The Bureau: XCOM Declassified
October 18, 2013, Author: Jesper Hauerslev
The Bureau: XCOM Declassified tells a story of survival. Not only of mankind’s survival in the onslaught of an alien invasion, but also of the survival of a game that went in and out of development hell for years. Bouncing from studio to studio and surviving numerous iterations, it finally escaped this vicious cycle; but the question now is, has it escaped unscathed or does it carry too much emotional baggage?
Another day at the office
This was supposed to have been a regular day at the office for special agent William Carter. Just go to a secret military base, drop off a sinister-looking briefcase and be home in time for Howdy Doody. What could go wrong? Well, plenty as it turns out. All of Carter’s carefully laid plans for the evening are side-swiped from one minute to the next when the militant he was supposed to meet suddenly shoots him, steals the briefcase and then spontaneously combusts, burning to a crisp… and then aliens suddenly invade! It’s all somehow connected to what was in the briefcase, but who cares? It’s time to kick alien ass and chew bubblegum!
After fending off the initial wave and making a daring escape, kicking and chewing as he goes along, Carter is transferred to a new secret agency that, up until now, had been the laughing stock of the intelligence community. With no one left to laugh now, the small agency is tasked with organising the defense of Earth from the alien invaders. Welcome to the Bureau of Operations and Command, agent! Also knows as… XCOM!
The Bureau: XCOM Declassified is actually a prequel of sorts to last year’s XCOM: Enemy Unknown, it itself a remake of strategy classic UFO: Enemy Unknown from 1994. Set in the swinging 60’s where the Cold War was at it’s highest, The Bureau tells the story of how XCOM came to be in the first place. You will also get drawn deeper into the story of the invading aliens, as you uncover dark truths about who they are and what they are capable of.
Playing as Carter, you will get to know the inner workings of XCOM very well as you take on the role of Squad Commander. Your task will be to take the fight to the invading aliens, flanked by a small squad of fellow agents and soldiers, in a series of missions that will have you evacuate VIPs, secure alien technology, prevent sabotage, attack alien outposts and more.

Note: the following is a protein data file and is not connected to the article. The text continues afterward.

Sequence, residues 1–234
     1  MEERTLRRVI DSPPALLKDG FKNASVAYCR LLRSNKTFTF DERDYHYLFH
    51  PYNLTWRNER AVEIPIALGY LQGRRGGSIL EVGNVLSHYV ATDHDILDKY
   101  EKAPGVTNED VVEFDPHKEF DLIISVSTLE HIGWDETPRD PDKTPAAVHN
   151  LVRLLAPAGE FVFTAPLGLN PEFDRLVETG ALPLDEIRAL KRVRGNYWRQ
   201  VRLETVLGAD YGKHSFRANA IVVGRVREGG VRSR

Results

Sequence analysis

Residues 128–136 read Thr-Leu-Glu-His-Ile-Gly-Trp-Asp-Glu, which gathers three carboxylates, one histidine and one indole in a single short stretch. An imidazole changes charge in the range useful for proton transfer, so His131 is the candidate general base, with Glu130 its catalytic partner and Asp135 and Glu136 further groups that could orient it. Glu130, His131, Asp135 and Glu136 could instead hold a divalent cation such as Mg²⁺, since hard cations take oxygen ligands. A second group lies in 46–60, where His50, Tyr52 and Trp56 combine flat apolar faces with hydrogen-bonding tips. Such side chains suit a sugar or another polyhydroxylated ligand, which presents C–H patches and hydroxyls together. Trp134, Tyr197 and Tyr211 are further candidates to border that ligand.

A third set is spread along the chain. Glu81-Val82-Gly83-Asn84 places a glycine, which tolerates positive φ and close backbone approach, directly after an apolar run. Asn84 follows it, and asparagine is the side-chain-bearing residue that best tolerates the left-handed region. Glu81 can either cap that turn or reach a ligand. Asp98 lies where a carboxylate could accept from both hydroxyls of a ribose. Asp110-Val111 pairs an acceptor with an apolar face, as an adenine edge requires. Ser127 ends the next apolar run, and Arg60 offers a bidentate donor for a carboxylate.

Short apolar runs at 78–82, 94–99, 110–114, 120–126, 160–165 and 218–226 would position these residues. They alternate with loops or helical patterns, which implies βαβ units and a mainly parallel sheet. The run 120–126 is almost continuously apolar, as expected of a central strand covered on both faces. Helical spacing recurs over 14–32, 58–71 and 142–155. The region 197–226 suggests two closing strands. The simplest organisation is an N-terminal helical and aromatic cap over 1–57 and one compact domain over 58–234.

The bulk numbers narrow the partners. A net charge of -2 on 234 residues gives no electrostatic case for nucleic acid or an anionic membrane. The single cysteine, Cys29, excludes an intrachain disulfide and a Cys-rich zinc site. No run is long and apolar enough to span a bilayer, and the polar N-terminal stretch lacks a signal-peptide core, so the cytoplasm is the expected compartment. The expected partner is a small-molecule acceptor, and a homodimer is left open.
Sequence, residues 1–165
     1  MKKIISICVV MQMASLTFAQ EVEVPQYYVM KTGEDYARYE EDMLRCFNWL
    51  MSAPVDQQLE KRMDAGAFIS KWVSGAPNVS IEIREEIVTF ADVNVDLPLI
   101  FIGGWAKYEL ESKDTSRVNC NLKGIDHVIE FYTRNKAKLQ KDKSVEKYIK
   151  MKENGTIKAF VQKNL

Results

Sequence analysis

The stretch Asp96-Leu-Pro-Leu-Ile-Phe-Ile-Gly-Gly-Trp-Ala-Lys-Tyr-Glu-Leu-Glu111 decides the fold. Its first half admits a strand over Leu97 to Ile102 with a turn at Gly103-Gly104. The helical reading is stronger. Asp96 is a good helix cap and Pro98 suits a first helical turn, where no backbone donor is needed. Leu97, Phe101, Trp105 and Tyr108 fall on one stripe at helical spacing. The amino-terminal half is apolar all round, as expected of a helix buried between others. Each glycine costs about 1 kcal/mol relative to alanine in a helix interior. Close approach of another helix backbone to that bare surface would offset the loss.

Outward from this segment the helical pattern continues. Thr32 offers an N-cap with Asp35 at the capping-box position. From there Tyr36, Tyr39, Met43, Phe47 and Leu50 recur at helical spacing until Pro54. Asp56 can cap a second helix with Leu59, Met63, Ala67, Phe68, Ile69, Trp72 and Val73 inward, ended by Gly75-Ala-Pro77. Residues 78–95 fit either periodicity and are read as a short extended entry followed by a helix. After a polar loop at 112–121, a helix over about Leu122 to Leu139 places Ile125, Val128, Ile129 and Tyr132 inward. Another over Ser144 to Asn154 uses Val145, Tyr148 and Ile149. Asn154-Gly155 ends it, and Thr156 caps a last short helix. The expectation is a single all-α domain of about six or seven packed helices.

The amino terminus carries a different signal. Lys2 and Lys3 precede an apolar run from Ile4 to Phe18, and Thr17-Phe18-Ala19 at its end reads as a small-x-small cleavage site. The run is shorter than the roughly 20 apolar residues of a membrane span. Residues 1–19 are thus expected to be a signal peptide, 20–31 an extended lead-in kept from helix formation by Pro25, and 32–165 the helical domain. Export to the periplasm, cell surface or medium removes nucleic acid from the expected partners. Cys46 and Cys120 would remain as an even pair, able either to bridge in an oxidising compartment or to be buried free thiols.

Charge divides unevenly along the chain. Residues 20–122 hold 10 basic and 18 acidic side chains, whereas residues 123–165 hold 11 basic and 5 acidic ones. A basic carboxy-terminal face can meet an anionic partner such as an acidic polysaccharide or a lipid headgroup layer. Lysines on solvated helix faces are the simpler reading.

It all plays out in a third-person viewpoint where you control Carter and run from cover to cover as you try to outsmart and outflank the enemy. They are trying to do the same to you, and aren’t exactly bad at it either. They also have the advantage of being able to call down reinforcements, which you can’t do. This is where battles become the most hectic as the alien reinforcements often arrive in the form of big brutish type aliens or armoured mechs called sectopods that require lots of firepower to bring down. Sure, you can pick up new weapons and equipment (including alien blasters) along the way to give you bit more of an edge in combat, but a successful mission is really down to your skills as a Squad Commander.
You have two squadmates with you on each mission. They will do their best to fight back, but their effectiveness is only as good as the orders you are giving them. They rely on you to coordinate the attack, so while it is tempting to just go in all guns blazing, the best result comes from you taking the time to assess the battlefield and plan an appropriate attack. Doing so is relatively simple. With the touch of a button, you bring up a menu-wheel where you can quickly assign various orders to each squad member. You can tell them to move to a certain location, attack a specific enemy, deploy special equipment and so on. These commands can be strung together to create more efficient orders, but you can’t take forever to do so as the action doesn’t pause; it merely slows down.
This constant mix between full-on running and gunning and managing troops in slow-motion can seem quite jarring at first and could have been a key aspect the game could easily have gotten wrong. Thankfully it doesn’t, and as soon as you get into the flow of it, it can be quite exciting to run for cover, yell to one squadmate to flank left while the other draws the fire and you attack down the middle. When all this comes together you feel pretty badass. Sadly, these moments are in constant risk of being ruined by your squadmates doing stupid things like running directly into enemy fire or taking cover in front of a wall instead of behind it.
If things go badly, you can always call your troops back with a simple click and start over. That is, if they haven’t been gunned down by enemy fire first. If that happens you have to heal them before they bleed out and die, but doing so can leave you vulnerable to attack. If things are really hectic, you can end up succumbing to enemy fire yourself, leaving you in an annoying loop where you and your squadmates take turns in healing each other, getting shot, healed again and shot. This problem is not unique to The Bureau; other squad-based shooters with the same mechanic suffer from the same problem to varying degree. However, it is very annoying that developers still allow for this to happen.